Donovan Gregory adds to his Mountaineer legacy


Hiatt Ellis

Senior forward Donovan Gregory runs out of the tunnel at the start of the game against South Alabama, Feb. 19th, 2022.

Trey Blake, Reporter

Over the last four years, 6-foot-5 recreation management major Donovan Gregory has made his mark on the App State basketball program, being the only Mountaineer in history with 1,000 points, 500 rebounds, 300 assists and 150 steals. 

Gregory, who shared the court with Black and Gold legends like Justin Forrest and Adrian Delph, has blossomed into the all-around player the team relies on. 

“His entire game has just grown so much,” head coach Dustin Kerns said. “He’s one of 35 players with 1,000 points, but he’s also got 500 rebounds along with a ton of steals and almost 300 assists. I think he’s a Swiss Army knife, so he’s really good at everything, especially winning.” 

With this growth, Gregory has also become the Mountaineers’ on and off-court leader throughout the season. 

“He’s tough on you,” sophomore guard Terence Harcum said. “Coming in last year as the new guy, he just instills this culture in you.”

Coming out of Carmel Christian Academy as the 10th ranked player in the state, according to 247Sports. Gregory received offers from his hometown university of Charlotte, but always felt like Boone was his calling. 

“It was just a good fit,” Gregory said. “Coming to the basketball games and football games growing up, it just felt like home.”

Senior forward Donovan Gregory airborne attempting to make a basket over Ricky Clemons of Campbell University, Nov. 19th, 2022. (Hiatt Ellis)

His freshman season saw little involvement from the guard/forward, as he averaged just 10.4 minutes in 24 games throughout the season. 

Gregory broke out and became a full-time starter during his sophomore year, reaching 10.7 points per game and a respectable 2.4 assists per game. He also took his game on the defensive side of the ball to new heights, averaging 1.9 steals per game. 

During his sophomore season, the Mountaineers won the Sun Belt Championship. Gregory shined defensively, netting 14 steals over the conference tournament, including eight against Coastal Carolina in the tournament semifinal, where he became the first Division I player in over a decade to put up at least 14 rebounds, eight steals and six assists in a game. His eight steals are also tied for the second most ever in a game by a Mountaineer.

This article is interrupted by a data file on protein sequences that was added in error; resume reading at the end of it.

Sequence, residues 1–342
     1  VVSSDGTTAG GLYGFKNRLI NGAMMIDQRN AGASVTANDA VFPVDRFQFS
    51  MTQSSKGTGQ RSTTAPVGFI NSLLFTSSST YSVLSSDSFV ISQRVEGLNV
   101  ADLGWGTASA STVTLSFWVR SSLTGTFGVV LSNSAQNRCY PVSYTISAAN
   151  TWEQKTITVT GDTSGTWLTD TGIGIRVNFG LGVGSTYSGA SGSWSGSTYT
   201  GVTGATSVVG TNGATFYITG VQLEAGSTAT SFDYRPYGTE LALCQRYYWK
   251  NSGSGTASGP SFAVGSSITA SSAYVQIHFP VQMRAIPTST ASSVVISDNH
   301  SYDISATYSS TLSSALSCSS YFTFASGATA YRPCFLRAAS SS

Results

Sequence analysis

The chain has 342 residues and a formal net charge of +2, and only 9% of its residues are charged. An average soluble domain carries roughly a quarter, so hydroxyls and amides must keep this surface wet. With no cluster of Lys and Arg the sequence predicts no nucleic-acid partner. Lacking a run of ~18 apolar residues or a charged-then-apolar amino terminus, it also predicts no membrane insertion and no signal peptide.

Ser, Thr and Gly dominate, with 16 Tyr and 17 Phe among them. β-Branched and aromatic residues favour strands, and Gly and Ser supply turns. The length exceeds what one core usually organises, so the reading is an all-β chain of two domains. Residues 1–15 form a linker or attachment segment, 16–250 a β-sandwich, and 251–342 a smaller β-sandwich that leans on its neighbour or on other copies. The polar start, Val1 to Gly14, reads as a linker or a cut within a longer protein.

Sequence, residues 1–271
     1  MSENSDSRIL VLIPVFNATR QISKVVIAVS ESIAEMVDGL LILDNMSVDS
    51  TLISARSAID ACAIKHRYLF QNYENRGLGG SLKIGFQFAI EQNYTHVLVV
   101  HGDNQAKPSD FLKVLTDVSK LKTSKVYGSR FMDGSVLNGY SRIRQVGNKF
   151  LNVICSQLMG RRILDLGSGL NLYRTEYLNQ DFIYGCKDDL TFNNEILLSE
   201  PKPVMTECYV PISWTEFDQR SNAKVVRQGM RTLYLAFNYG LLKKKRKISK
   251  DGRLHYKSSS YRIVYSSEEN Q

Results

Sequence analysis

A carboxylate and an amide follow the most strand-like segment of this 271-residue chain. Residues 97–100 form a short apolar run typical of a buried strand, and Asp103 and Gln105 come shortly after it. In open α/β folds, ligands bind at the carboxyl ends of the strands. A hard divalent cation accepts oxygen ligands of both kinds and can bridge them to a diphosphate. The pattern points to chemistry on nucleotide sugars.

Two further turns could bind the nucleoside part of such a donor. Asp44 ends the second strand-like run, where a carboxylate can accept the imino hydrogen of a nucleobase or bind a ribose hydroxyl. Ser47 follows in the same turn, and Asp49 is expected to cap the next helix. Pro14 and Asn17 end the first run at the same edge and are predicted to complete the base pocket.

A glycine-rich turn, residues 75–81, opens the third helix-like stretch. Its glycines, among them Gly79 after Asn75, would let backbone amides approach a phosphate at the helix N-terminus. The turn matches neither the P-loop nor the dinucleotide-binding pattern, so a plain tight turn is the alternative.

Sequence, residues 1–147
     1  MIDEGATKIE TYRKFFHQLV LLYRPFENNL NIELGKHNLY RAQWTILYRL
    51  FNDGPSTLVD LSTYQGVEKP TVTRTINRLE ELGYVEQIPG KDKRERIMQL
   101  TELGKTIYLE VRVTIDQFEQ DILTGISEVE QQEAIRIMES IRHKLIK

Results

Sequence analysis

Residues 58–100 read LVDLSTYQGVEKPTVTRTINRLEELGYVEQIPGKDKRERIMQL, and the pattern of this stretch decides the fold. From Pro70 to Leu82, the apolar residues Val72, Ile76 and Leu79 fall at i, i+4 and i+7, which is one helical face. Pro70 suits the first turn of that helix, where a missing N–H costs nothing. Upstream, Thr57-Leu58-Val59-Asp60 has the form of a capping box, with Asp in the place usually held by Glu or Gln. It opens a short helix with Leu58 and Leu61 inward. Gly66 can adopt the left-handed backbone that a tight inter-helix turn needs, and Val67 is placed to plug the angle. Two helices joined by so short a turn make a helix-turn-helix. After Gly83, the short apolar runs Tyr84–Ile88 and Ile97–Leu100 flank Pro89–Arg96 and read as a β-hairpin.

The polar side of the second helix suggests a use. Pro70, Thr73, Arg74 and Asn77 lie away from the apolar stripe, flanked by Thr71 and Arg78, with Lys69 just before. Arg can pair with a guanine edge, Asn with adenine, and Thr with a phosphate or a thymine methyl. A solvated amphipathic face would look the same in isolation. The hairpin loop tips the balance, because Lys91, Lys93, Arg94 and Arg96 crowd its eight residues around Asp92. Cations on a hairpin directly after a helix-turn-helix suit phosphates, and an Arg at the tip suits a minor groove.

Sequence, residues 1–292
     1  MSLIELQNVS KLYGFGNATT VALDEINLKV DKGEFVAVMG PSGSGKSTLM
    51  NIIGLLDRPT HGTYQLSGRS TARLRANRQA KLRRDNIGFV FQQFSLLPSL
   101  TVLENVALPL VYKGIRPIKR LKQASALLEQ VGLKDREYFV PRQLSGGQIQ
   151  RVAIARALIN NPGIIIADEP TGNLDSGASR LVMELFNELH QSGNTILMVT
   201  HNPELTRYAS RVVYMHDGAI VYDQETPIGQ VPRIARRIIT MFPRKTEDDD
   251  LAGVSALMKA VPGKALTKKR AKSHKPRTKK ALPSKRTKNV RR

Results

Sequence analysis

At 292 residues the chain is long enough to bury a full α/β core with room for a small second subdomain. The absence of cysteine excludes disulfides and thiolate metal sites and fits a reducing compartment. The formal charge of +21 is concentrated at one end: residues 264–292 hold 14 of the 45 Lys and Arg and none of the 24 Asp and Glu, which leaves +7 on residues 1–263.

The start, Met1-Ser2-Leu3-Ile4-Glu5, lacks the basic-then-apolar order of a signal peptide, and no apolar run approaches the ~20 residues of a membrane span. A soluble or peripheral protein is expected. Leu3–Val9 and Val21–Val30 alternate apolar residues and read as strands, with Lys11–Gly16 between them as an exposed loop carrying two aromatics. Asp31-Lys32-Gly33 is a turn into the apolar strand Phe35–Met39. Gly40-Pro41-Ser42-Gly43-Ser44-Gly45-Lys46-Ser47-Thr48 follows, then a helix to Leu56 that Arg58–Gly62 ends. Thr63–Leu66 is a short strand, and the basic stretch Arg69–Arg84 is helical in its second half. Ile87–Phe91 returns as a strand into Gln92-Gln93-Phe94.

“Winning the Sun Belt was great,” Gregory said. “That was just a very tough year for me and the team with COVID, so to see all that hard work pay off was special.” 

His junior year was consistent with his previous year. He averaged 10.9 points and continued hounding people on the defensive end. Gregory’s decision-making with the ball in his hand was improving day in and day out. He achieved a career-high 23 points against Arkansas-Little Rock and a career-high in assists against South Alabama with 10. 

That 10-assist night sparked a six-game stretch in which he put up a combined 32 assists, the most of a stretch thus far in his career. Those playmaking abilities gave Kerns the faith to hand over the offense to Gregory in his senior season. 

“It’s extremely important to have a playmaker at his size,” Kerns said. “He’s a tough matchup with him being one of our best ball handlers. He’s just a high IQ passer as well.”

Gregory has made the most of his on-ball duties as he’s leading the team in points at 12, assists at 4.3 and steals at 1.7. His 4.3 assists are good for sixth in the entire Sun Belt Conference. 

“These past couple of years I’ve been more of a playmaking forward,” Gregory said. “This is the first year where I’ve been the go-to playmaker, but this wasn’t new to me. I played a lot of point guard in high school, so it was just watching film, breaking down defenses and getting myself back in that rhythm.” 

Other than being the team’s leader, Gregory has been described as the team comedian and someone who keeps the vibes right in the locker room.

“He’s just a really funny guy. Always in the locker room cracking jokes, he’s my guy,” Harcum said.

When asked, players and coaches described him as one word and one word only: “Winner,” and it’s hard not to see why. 

Gregory helped App State come out of these dark years in the men’s basketball program, won a conference championship and took the Mountaineers to their first NCAA tournament since the turn of the millennium.

“It means a lot to be a Mountaineer,” Gregory said. “Just being able to be a part of the change in App State basketball means so much to me, and I take a ton of pride in it. The school means a lot to me, and I think I show that every night.”